The essential software is an X server running on the Windows environment. My recommendation is the Xorg-based VcXsrv. The installer can be downloaded from the project’s page or installed directly using a package manager. The ones having it are the third-party Chocolatey and first-party winget. The commands are respectively

choco install vcxsrv

and

winget install vcxsrv

Running the program will show a wizard to configure the server. The recommended settings are “multiple windows” display, “display number” set to 0, clipboard enabled, native OpenGL, and for WSL2, “disable access control” is required. The “multiple windows” allows Linux graphical programs to appear side by side with normal Windows programs rather be a big window in which the programs run.

For simplicity a shortcut can be made with location set to the following.

"C:\Program Files\VcXsrv\vcxsrv.exe" :0 -multiwindow -clipboard -wgl -ac

On first run, allow private network access only. This will add a block rule for public network access. If WSL2 is used, the public TCP rule has to be changed to allow for WSL subnet.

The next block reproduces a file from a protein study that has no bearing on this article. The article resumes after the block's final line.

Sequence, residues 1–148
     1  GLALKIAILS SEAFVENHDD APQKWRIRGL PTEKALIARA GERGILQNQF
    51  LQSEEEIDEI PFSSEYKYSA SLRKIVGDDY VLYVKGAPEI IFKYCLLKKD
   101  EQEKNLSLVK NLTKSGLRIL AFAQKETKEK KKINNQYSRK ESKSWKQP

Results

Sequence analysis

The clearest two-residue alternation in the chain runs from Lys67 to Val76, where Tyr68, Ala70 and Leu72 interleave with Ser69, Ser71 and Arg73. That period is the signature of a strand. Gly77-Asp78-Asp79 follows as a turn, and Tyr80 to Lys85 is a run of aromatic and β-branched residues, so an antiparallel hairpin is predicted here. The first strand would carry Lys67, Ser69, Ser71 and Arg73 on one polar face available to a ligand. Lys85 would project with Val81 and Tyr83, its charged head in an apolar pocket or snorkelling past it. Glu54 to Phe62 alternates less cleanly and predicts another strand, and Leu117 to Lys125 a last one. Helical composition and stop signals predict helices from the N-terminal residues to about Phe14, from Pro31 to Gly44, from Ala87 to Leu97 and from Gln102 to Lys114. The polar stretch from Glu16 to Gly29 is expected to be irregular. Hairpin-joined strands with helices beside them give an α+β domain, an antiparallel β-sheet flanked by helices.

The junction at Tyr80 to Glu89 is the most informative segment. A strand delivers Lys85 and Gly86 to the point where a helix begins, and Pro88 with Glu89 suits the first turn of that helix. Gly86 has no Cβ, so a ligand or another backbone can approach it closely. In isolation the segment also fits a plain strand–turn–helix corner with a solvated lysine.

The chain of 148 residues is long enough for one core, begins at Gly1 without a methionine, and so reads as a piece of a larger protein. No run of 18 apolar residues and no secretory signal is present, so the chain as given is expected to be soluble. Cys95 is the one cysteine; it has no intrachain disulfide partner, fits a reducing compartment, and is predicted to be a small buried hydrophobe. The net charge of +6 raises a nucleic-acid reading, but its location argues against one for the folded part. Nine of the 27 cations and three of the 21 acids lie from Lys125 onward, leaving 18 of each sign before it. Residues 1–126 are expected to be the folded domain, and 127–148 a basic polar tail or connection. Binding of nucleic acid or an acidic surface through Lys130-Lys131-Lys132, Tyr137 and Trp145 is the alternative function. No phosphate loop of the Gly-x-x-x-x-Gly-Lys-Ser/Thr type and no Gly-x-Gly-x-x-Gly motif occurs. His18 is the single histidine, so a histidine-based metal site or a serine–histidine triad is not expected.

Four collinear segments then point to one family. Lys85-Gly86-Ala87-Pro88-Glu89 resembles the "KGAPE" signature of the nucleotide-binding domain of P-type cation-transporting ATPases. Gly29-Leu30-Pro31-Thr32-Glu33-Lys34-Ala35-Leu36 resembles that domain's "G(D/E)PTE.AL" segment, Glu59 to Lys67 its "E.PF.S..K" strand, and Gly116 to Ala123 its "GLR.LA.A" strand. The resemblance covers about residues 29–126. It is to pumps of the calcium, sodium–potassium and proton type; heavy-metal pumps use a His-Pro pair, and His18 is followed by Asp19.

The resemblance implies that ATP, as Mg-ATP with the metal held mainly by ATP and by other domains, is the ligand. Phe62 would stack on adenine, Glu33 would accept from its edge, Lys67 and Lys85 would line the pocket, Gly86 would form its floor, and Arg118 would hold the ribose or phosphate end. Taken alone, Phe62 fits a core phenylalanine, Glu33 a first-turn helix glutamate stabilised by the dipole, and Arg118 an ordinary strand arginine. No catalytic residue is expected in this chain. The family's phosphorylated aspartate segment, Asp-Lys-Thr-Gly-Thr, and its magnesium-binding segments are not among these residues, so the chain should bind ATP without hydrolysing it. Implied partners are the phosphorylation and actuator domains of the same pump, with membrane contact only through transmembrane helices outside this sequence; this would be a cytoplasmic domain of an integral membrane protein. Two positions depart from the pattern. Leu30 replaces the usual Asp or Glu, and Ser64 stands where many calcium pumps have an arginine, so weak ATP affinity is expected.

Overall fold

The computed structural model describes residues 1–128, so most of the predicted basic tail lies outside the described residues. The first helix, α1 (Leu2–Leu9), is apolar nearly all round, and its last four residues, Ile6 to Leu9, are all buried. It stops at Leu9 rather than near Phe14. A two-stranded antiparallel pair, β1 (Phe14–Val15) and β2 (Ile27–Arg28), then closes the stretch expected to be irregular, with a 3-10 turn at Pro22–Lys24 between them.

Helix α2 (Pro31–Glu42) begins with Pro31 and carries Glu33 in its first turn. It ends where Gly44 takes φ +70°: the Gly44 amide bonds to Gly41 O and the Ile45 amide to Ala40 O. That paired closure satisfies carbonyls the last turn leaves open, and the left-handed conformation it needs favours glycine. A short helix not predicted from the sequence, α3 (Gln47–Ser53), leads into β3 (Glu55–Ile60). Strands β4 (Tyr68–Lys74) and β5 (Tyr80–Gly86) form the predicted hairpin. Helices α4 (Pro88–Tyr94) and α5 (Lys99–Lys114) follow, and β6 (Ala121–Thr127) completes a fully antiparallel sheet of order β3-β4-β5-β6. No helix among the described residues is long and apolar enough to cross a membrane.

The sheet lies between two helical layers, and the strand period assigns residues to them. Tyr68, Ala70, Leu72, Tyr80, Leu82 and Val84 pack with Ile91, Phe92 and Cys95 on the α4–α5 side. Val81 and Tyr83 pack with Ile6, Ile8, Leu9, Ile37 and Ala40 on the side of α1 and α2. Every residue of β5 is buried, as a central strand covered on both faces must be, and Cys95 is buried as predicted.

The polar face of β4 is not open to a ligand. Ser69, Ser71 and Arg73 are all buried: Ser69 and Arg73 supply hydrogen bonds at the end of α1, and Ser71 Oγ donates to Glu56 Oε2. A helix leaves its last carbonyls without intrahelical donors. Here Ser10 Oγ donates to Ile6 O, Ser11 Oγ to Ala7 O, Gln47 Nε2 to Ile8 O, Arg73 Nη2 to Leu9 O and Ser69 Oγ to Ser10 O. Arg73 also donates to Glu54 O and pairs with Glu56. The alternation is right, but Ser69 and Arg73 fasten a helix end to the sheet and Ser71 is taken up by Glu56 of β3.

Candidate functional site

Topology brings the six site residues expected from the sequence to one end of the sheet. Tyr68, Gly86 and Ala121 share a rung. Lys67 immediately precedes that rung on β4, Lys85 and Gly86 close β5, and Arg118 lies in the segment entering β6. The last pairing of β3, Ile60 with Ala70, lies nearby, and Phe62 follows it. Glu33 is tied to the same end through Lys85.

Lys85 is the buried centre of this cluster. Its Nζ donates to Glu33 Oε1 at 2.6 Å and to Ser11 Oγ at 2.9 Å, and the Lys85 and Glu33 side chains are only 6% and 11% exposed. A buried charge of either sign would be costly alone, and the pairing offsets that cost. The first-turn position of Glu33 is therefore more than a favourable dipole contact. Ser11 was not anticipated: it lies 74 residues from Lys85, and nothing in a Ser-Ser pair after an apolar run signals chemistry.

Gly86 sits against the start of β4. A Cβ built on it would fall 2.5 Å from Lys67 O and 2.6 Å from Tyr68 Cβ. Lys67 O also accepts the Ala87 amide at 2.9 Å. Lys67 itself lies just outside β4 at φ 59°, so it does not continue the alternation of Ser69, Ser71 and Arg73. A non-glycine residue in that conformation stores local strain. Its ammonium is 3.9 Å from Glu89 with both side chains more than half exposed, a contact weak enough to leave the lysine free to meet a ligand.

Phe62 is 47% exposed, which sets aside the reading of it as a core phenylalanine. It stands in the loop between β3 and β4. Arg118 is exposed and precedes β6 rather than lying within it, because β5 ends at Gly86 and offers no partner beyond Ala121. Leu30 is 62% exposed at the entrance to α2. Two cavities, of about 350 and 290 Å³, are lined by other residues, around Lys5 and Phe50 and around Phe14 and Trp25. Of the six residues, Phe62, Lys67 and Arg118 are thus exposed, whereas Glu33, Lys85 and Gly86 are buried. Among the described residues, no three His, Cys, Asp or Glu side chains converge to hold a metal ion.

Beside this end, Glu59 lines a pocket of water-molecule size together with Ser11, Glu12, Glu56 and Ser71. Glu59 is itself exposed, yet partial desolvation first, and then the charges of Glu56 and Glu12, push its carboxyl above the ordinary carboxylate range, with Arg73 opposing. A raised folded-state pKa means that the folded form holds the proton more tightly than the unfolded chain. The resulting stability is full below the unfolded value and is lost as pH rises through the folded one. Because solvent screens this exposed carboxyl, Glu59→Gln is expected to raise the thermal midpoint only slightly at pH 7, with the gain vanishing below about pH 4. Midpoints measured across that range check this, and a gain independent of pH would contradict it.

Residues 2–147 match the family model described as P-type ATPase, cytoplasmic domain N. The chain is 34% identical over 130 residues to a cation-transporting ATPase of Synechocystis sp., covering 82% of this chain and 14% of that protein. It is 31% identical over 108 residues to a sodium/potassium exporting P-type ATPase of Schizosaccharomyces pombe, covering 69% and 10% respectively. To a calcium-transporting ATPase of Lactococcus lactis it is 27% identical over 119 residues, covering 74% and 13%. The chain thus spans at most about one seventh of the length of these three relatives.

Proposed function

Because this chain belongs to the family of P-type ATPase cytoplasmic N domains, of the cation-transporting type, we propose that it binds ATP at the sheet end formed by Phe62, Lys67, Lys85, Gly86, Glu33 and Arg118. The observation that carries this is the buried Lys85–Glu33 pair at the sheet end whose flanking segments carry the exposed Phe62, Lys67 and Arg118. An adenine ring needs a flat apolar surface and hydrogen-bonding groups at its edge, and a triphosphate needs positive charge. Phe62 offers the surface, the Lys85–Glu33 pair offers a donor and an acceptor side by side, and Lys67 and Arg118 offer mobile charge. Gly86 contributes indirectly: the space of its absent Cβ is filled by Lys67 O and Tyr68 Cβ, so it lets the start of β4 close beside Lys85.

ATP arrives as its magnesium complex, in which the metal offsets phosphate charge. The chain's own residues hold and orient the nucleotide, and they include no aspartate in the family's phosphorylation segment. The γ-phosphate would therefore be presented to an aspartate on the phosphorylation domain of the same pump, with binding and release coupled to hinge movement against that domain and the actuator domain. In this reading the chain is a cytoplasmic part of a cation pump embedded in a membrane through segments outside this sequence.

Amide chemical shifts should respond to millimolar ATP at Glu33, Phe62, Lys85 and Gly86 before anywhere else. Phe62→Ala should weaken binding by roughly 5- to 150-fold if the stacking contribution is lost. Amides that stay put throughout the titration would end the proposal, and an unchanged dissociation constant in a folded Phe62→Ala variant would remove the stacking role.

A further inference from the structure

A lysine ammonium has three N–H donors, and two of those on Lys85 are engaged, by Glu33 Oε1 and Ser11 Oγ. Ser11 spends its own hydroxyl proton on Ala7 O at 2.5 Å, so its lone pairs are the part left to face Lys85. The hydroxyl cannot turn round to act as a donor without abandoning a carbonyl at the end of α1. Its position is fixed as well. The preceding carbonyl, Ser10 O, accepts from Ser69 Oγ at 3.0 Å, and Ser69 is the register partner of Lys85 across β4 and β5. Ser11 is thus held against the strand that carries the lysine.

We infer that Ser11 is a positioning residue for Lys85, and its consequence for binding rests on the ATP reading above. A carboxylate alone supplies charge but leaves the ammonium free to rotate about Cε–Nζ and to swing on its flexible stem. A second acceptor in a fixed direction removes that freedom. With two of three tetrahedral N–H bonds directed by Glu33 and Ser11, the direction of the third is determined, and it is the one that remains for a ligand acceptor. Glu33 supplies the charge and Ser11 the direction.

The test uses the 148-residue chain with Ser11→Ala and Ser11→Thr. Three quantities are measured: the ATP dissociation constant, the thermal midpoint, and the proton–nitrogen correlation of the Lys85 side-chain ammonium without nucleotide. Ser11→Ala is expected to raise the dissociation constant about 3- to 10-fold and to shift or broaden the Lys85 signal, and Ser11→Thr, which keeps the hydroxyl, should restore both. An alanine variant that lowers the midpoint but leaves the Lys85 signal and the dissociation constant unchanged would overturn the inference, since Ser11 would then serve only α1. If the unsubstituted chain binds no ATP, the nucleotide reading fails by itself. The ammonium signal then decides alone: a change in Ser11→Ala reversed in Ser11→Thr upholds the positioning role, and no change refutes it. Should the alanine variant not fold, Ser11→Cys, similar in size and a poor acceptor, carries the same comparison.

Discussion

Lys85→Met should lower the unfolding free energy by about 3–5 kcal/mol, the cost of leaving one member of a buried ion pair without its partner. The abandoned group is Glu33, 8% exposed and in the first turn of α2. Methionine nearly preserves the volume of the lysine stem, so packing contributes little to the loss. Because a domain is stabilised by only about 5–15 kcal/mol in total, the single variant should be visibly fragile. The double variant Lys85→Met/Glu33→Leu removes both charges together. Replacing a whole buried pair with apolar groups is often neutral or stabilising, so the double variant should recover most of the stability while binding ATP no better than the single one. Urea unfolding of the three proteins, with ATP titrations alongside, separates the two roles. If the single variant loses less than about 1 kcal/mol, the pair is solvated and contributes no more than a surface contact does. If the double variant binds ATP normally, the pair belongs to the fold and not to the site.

netsh advfirewall firewall set rule name="VcXsrv windows xserver" profile=Public protocol=TCP new action=Allow remoteip=172.16.0.0/12

Now, moving on to the Linux shell. Programs can’t connect to the running X server before setting up the DISPLAY environmental variable. Rather running the following commands on every login manually, they can be added to ~/.bashrc.

If WSL1 is used, add the following.

export DISPLAY=:0

If WSL2 is used, add the following. The reason this is more complicated is that WSL2 and the Windows host are not in the same network device.

export DISPLAY=$(awk '/nameserver/{print $2}' /etc/resolv.conf):0

And, if native OpenGL is checked (or -wgl argument is used)

export LIBGL_ALWAYS_INDIRECT=1

Fixing scaling to HDPI displays can be done with

disp_scaling=$(wslsys -S -s)
export GDK_SCALE=$disp_scaling